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Wednesday, 29 March 2017

The Activist and the Valentine Typewriter

French-Jewish author and activist Marek Halter writing on his Olivetti Valentine portable typewriter in his studio in the Marais district of Paris on September 5, 1979, following the publication of his book The Uncertain Life of Marco Mahler (La vie incertaine de Marco Mahler).
Halter is best known for his historical novels, which have been translated into English, Polish, Hebrew and many other languages. He was born in Warsaw on January 27, 1936. During World War II, he and his parents escaped from the Warsaw Ghetto and fled to the Soviet Union, spending the remainder of the war in Ukraine, Moscow and finally in Kokand, in Uzbekistan. In 1945 he was chosen to travel to Moscow to present flowers to Joseph Stalin. In 1946 the family returned to Poland and in 1950 they emigrated to France, taking up residence in Paris.
Halter studied pantomime under Marcel Marceau and was admitted to the École Nationale des beaux-arts to study painting. In 1954, he received the Deauville international prize, and was also awarded a prize at the Biennale d'Ancone. His first international exhibit was in 1955 in Buenos Aires, and he remained in there for two years, returning to France in 1957, where he engaged in political journalism and advocacy. In 1991 Halter organised the French College in Moscow.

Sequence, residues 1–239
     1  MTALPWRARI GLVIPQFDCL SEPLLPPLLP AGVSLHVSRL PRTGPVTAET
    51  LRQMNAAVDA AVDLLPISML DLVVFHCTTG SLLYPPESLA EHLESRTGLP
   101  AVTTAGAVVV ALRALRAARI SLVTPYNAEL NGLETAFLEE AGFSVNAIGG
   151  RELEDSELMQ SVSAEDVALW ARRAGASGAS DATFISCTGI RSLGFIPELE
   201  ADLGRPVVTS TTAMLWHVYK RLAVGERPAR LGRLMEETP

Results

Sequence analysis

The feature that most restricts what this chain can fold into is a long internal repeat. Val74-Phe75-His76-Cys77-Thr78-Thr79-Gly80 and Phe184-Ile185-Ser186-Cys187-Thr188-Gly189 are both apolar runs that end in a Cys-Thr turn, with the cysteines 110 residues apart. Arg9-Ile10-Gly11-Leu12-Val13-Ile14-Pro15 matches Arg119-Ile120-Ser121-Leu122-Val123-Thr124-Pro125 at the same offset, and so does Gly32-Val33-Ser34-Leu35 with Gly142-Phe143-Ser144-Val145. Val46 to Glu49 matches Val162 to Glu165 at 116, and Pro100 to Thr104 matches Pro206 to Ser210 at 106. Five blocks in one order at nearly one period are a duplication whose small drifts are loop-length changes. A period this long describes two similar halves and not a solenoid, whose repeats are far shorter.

In 1968 he and his wife Clara Halter founded the magazine Élements, which published works by Israeli, Palestinian and Arab writers. Halter's first book, the political autobiography Le Fou et les Rois (The Jester and the Kings), was awarded the Prix Aujourd'hui in 1976.
Halter's other novels include The Messiah, The Mysteries of Jerusalem, The Book of Abraham (1986) and its sequel The Children of Abraham (1990), The Wind of the Khazars (2003), Sarah (2004), Zipporah (2005), Lilah (2006), and Mary of Nazareth (2008). Non-fiction works include Stories of Deliverance: Speaking with Men And Women Who Rescued Jews from the Holocaust (1998).


Bill M said...

If one desires to be an activist, the tool of choice must be a typewriter.

Richard P said...

Today I got my own Valentine out to take some notes on a book, and it was a satisfying experience.